Given the relative success of the rice dish from the night before, I wanted to have rice again the next night. I also happened to have a lot of leftovers and other ingredients that needed to be eaten soon. And so, stir fry (or really, fried rice, kinda).
1. Set it: making the rice takes the longest. I put about 3/4C rice with 2C water in my rice maker. This particular rice maker is exceedingly old. And was brought to me by my mother, who personally couriered it to me when I lived in St. Louis when she flew in to visit from New Jersey. It is the second weirdest thing my mother has put in her carry-on luggage on my behalf.
2. Heat it: Since I don’t have a wok or an oven that could get hot enough to really take advantage of the wok’s shape, it’s really all about surface area. My mother-in-law got me a 12-inch nonstick sauté pan for Christmas, and that would be perfect.
When it comes to non-stick, I really have no idea what the proper temperature should be. My mom always put the pans on high heat, so that’s what I do. But my non-stick pans all look like crap from the way I’m using them. So, this time, I put a touch of oil in this new non-stick and put it on medium-high for a while so it could build up heat a little more slowly.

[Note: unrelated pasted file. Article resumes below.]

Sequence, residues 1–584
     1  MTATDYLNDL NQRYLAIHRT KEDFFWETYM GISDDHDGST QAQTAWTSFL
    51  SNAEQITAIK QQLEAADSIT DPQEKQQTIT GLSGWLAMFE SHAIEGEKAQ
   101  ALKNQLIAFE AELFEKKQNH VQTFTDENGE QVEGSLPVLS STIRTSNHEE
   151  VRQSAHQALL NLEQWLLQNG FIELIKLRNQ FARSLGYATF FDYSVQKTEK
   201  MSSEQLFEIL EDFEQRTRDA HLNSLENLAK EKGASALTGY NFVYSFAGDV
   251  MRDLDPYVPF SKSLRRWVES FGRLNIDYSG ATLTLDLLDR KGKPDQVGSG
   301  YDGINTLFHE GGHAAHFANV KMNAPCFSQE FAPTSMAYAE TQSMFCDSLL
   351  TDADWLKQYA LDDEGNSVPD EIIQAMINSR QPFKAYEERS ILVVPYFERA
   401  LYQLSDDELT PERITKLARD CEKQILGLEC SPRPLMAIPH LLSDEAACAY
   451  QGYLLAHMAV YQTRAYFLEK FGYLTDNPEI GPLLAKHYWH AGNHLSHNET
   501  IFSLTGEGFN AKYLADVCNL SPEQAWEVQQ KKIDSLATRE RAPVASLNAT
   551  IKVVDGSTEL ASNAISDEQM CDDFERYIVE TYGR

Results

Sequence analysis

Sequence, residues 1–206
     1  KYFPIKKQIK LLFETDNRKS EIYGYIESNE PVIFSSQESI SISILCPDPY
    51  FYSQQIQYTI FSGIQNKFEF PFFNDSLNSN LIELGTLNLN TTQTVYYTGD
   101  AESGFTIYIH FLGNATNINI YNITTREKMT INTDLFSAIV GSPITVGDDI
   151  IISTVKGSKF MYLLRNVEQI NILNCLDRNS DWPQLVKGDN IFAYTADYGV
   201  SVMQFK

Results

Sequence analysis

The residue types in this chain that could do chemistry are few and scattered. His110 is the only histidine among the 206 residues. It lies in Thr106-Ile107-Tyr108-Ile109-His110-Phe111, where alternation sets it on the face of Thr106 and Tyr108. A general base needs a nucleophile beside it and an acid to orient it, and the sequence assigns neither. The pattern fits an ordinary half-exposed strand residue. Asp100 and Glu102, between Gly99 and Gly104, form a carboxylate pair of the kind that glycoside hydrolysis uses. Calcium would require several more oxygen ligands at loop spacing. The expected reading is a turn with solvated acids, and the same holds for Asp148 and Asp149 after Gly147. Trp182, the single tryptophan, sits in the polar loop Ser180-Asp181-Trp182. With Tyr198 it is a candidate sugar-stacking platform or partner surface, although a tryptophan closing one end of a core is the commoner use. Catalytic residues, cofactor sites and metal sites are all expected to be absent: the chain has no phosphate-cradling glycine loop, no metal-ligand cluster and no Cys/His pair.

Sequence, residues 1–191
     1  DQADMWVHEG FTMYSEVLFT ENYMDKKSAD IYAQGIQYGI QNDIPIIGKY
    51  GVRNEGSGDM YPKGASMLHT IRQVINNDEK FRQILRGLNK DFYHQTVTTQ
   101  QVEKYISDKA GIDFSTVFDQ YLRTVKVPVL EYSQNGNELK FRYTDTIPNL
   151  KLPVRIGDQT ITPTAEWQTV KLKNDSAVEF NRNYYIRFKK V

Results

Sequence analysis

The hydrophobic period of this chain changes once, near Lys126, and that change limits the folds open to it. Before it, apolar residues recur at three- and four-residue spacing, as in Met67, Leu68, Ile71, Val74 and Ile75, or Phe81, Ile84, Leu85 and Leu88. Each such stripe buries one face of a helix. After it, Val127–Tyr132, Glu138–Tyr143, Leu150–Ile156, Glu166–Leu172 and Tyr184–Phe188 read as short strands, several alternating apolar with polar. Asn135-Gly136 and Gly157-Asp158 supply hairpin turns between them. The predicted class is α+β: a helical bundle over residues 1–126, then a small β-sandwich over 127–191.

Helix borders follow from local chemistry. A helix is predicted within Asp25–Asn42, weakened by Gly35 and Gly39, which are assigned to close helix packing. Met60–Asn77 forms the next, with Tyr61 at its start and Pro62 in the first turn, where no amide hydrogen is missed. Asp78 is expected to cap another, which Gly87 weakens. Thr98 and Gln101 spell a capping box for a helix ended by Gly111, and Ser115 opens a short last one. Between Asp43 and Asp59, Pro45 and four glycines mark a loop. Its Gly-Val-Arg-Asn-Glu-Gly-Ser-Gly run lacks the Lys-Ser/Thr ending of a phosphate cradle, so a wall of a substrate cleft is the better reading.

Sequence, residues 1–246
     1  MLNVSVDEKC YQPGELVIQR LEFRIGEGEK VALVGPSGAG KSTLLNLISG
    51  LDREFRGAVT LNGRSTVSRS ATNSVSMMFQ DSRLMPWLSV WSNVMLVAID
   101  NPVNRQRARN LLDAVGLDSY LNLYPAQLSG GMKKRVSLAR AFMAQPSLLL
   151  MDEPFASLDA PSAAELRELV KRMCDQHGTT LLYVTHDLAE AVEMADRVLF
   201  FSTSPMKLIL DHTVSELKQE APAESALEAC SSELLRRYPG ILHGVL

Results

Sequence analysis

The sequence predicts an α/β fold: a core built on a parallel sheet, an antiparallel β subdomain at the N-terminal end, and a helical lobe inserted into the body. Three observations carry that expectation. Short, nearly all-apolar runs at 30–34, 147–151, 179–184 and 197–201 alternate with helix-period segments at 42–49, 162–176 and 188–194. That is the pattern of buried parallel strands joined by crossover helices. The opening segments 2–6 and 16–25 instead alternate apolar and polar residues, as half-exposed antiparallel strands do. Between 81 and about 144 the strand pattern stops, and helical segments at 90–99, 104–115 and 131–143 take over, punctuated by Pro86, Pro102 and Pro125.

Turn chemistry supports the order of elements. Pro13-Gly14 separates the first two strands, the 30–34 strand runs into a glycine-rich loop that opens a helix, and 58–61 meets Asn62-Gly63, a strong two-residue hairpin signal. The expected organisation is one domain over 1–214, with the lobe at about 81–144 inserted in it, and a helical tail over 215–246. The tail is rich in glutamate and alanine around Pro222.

3. Sauté it: I had two small heads of broccoli that I cut up the florets. And then I peeled the skin of the stalk (my favorite part), and that went in too. As it cooked, I would add a little bit of soy and a little bit of rice wine vinegar at a time. If you out it in all at once, the soy sauce seems to burn. I ended up adding the liquid in about three batches, with a total of about a quarter cup of each ingredient.
4. Reheat it: I shredded up the leftover duck that I had (maybe a third of a pound?), and added that once the broccoli started to soften. I added a dash of sesame oil because it’s delicious. And I wanted to add plum sauce or hoisin sauce because that’s what I think of when there’s Asian-ish duck. But I don’t have those sauces, so I used about 1-2T of Tonkatsu sauce, which I’m pretty sure is some derivative of plum and or hoisin sauce.
Keep stirring things around for a while to get the flavors to marry. If you wanted to make this a fried rice, you would add it now. Or, you could do what I did and serve it on top of rice
The dish was really filling and was a good way to eat the leftover duck. Duck, as easy as it is to cook, always seems to be an ingredient that you need to cherish, so I was worried about blowing it. But, the duck and rice combination was a good one, and it makes me think that the next time I make duck, I will have to try and do it mushu style.